By Alan Scherstuhl
By Stephanie Zacharek
By Carolina Del Busto
By Amy Nicholson
By Simon Abrams
By Kevin Dilmore
By New Times
By Amy Nicholson
We return to Chicago's South Side, to the rowdy social locus that is Calvin's Barber Shop, except this time Calvin (Cube) faces a new challenge. Rather than losing and regaining faith in the beloved business his father left him, this time there are bigger fish to fry. The key word is gentrification, and it's swooping in fast via designer coffee and all that, but most threatening is an absurdly luxurious haircutting palace going in directly across the street, just another in the chain of "Nappy Cutz" outlets providing urban communities with surface sleekness while robbing them of soul.
We open, very tellingly, on a stinking-drunk white Uncle Sam stumbling down the sidewalk on the Fourth of July, 1967. Rushing past comes Eddie (Cedric "The Entertainer" Kyles), on the lam from the cops until he finds safe haven in Calvin Sr.'s barbershop, where he stays to the present day. It's a nice bit of backstory that swoops directly into the outrageously slick opening credits, which beautifully celebrate the images and lives of famous African Americans (and the odd Jamaican) who have increased the peace or at least given good hair. Also have to applaud the digitally re-created evolution of the Chicago skyline, which is quick but awesome.
Anyway, the gang's all here, including roughneck Ricky (Michael Ealy) concealing a crafty new scheme and sorting out his feelings for the gradually evolving riot grrrl Terri (Eve Jeffers). Culturally dedicated Nigerian Dinka (Leonard Earl Howze) is still finding his adorable way, while arrogant college boy Jimmy (Sean Patrick Thomas) also returns to annoy everybody. Additionally, we still have to put up with Isaac (Troy Garity), the white guy who in the first movie threw down all that stupid "blacker-than-thou" crap. At least given the urban social work of his father Tom Hayden, actor Garity arrives with a semi-urban pedigree, but it's nonetheless a great relief that he's toned down his embarrassing shit this time.
The crux of the plot is as sweetly old-fashioned as an old Capra film, with Cube as the new millennium's earnest and well-intentioned Jimmy Stewart. Basically, the dirty gangster of the first movie is replaced here by a crooked politician, and the ante for Calvin's faith is upped from 20 G's to 200. Now raising a baby with his wife (Jazsmin Lewis) and well aware of the social significance of his shop, Calvin must navigate the tricky straits of business competition, urban redevelopment and unruly employees en route to his big public soliloquy about his wonderful neighborhood.
But that's almost beside the point, the point being that everybody still gets to talk a bunch of smack. Offering a laid-back setting and instantly recognizable "friends," the Barbershop franchise is like Cheers for people who aren't boring. This time around we get new characters in nervous barber neophyte Kenard (Kenan Thompson of Saturday Night Live) and saucy beautician Gina (Queen Latifah, née Dana Elaine Owens, who's already been granted her own spin-off movie, Beauty Shop, while MGM simultaneously dropped Halle Berry's James Bond spin-off; politics everywhere). The project offers nice doses of reality (an Al Sharpton joke) as well as fantasy (a top-of-the-line iBook in a barbershop, apparently with the fastest DSL hookup in all the Windy City), and it's a very enjoyable place to visit.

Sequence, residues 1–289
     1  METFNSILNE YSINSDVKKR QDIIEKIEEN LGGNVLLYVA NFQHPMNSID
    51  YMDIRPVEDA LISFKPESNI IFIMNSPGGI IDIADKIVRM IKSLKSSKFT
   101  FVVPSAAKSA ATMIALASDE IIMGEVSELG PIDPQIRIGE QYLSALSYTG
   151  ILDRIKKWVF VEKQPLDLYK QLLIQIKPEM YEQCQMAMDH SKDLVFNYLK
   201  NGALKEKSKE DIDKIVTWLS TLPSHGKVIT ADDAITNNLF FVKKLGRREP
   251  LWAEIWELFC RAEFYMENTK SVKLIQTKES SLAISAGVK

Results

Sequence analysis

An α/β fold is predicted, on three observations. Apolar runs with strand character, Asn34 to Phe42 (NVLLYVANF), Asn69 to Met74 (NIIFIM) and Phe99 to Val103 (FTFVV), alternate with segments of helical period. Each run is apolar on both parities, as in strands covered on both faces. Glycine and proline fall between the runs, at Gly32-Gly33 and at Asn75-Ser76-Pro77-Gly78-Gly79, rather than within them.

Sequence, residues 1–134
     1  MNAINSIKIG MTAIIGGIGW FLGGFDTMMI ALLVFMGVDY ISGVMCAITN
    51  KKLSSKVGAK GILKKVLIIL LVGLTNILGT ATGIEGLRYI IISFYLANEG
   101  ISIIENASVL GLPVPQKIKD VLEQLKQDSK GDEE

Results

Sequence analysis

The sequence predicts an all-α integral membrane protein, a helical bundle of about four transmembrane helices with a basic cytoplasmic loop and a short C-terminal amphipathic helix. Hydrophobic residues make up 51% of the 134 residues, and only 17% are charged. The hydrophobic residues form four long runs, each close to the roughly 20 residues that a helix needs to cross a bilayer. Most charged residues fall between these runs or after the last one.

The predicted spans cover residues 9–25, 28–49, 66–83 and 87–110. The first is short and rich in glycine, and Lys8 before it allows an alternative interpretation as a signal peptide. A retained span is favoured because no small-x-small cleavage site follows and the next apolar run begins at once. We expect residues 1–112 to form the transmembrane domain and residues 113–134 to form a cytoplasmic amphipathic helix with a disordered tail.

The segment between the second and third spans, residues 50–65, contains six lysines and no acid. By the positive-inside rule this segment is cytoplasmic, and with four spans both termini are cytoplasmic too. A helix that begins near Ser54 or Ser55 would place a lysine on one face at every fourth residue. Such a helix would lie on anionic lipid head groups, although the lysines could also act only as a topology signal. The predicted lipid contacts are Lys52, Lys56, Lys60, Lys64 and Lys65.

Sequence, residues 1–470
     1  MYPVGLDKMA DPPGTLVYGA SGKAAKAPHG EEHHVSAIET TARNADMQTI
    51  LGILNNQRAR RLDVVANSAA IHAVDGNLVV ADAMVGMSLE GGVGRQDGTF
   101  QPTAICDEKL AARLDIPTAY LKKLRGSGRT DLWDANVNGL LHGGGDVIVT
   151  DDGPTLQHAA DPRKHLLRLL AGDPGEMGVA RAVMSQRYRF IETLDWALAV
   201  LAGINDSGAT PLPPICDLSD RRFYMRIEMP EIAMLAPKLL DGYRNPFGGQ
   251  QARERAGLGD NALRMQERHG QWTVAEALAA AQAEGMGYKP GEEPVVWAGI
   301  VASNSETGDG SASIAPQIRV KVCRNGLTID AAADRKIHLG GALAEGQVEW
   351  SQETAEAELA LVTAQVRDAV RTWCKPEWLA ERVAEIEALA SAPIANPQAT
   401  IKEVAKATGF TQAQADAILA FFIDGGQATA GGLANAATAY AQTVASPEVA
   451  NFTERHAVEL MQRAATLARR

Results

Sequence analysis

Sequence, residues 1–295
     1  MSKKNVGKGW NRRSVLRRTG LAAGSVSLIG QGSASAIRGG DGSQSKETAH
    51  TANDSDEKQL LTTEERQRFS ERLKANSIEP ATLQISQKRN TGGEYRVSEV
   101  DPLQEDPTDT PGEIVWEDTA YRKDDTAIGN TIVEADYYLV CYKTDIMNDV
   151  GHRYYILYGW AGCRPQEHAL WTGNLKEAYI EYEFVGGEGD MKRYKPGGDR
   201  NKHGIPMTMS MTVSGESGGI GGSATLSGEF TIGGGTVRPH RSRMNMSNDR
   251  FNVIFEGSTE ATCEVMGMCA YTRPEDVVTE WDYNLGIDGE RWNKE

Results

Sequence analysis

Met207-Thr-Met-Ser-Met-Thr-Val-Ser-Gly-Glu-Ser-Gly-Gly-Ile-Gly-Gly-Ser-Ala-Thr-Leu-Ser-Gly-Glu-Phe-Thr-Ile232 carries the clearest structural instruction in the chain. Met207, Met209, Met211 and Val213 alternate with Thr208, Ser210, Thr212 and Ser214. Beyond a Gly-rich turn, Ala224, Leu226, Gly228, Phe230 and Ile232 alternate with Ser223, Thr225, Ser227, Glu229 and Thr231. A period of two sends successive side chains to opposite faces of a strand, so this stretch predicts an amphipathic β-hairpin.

Dollars to Dr Peppers, though, you're coming out mainly to see Cedric as Eddie, and he doesn't disappoint. Still sounds like Mel Blanc with a bad head cold, still looks like the Bride of Frankenstein on soul food, and delights as ever with malapropisms ("He's one of our prima-donna barbers") and even heroism and romance this time. He's a treat, even amidst unforgivable praise for Kenny G.
Barbershop 2 may appear humble and cute, but it's a topnotch package all the way. Only one of the original screenwriters (Don D. Scott) is back, but with Norman Vance Jr. and director Kevin Rodney Sullivan (How Stella Got Her Groove Back), the screenplay is -- to quote the group Fishbone -- "as tight as a mosquito's ass." Editor Paul Seydor deserves special commendation for harmonizing the zippy dialogue (which could easily have become a train wreck), and the additional music by Wu-Tang Clan featuring The RZA (whose work also raised up the spirit of Ghost Dog) adds a hip boost. Still makes no sense that guys with no discernible hair desperately need haircuts, but on it goes.
To close with a little cynicism, one can almost hear the echoes of movie executives cloistered around this "new" hot property: "It's kind of like Spike Lee's NYU thesis film, Joe's Bed Stuy Barbershop: We Cut Heads, but nicer and funnier! Let's omit most of the unruly politics and violence, dumb it down some, distract everyone with funny dialogue and play nice all the way to the bank." To some degree, you're still getting robbed, Spike. Still, as your own Barbershop's Nicholas Lovejoy states, "It is very difficult for black people to enter the mainstream of the American economy." At least here the robbery seems generally beneficial.
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